Mexico’s government on Friday signaled it could adopt measures to protect its steel and textile industries as President Andres Manuel Lopez Obrador said producers had been left “defenseless” by previous administrations.
At the end of January, the government opted not to renew a 15 percent tariff on steel imports from 2015 that protected Mexico’s steel industry from rising Asian imports, especially from China. The government also allowed tariffs to come down for imports of textile and footwear products from countries with which Mexico has no trade agreements.
However, Lopez Obrador hinted at a U-turn on those moves.
“It’s being reviewed,” Lopez Obrador told a regular news conference when asked if he would take any protective measures or support fiscal incentives for the industries following the expiration of the previous safeguards.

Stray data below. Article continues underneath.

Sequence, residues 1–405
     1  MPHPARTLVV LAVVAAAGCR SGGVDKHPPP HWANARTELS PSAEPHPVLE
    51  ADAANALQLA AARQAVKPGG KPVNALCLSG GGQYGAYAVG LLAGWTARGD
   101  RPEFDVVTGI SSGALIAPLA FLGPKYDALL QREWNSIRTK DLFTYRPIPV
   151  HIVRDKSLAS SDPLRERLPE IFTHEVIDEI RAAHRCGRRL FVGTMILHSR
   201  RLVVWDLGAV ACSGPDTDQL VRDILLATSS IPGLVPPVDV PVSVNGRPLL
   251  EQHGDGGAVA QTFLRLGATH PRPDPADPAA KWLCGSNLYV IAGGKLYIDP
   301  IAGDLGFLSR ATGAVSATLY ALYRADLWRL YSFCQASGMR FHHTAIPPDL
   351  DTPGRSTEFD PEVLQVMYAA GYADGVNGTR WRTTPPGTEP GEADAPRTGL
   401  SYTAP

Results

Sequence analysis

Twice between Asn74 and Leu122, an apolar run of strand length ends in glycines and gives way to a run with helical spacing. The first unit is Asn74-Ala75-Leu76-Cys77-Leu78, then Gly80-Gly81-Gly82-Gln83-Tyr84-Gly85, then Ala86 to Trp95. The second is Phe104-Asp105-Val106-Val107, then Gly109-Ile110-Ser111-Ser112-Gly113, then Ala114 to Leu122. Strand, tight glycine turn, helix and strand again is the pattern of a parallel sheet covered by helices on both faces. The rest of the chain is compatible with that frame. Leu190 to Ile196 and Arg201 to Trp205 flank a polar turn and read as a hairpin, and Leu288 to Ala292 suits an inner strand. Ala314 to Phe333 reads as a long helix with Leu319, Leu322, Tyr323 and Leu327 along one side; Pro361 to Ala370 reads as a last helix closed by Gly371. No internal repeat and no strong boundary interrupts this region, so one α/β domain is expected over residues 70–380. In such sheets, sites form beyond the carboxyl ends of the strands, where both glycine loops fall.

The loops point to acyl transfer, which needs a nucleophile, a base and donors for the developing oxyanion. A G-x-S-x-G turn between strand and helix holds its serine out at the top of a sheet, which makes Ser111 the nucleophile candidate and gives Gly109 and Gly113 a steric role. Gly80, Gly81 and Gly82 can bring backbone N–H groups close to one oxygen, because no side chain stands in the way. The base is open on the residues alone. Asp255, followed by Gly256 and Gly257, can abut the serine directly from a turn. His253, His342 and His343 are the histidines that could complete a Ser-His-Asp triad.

“We don’t agree with what was done in the neo-liberal period, which saw an indiscriminate opening without limits and left domestic producers defenseless,” he said. “We’ll review this case, always thinking about protecting national industry.” Lopez Obrador characterizes the administrations that ruled Mexico from the early 1980s onwards as “neo-liberal.”
Mexico’s steel industry has been pushing for government support since the administration of U.S. President Donald Trump slapped tariffs on imports at the end of May. Representatives from industry drew encouragement from the president’s words on Friday.
“We greatly welcome what Mr. Lopez Obrador says because it gives us hope that tariffs could return to previous levels,” Alejandro Gomez, executive chairman of the national footwear industry association, told reporters in the state of Guanajuato. Separately, the Mexican economy ministry said in a statement on Twitter the government was reviewing “alternative measures” to support the industries following meetings with representatives from the steel, textile and footwear sectors. (Reporting by Sharay Angulo; Editing by Leslie Adler)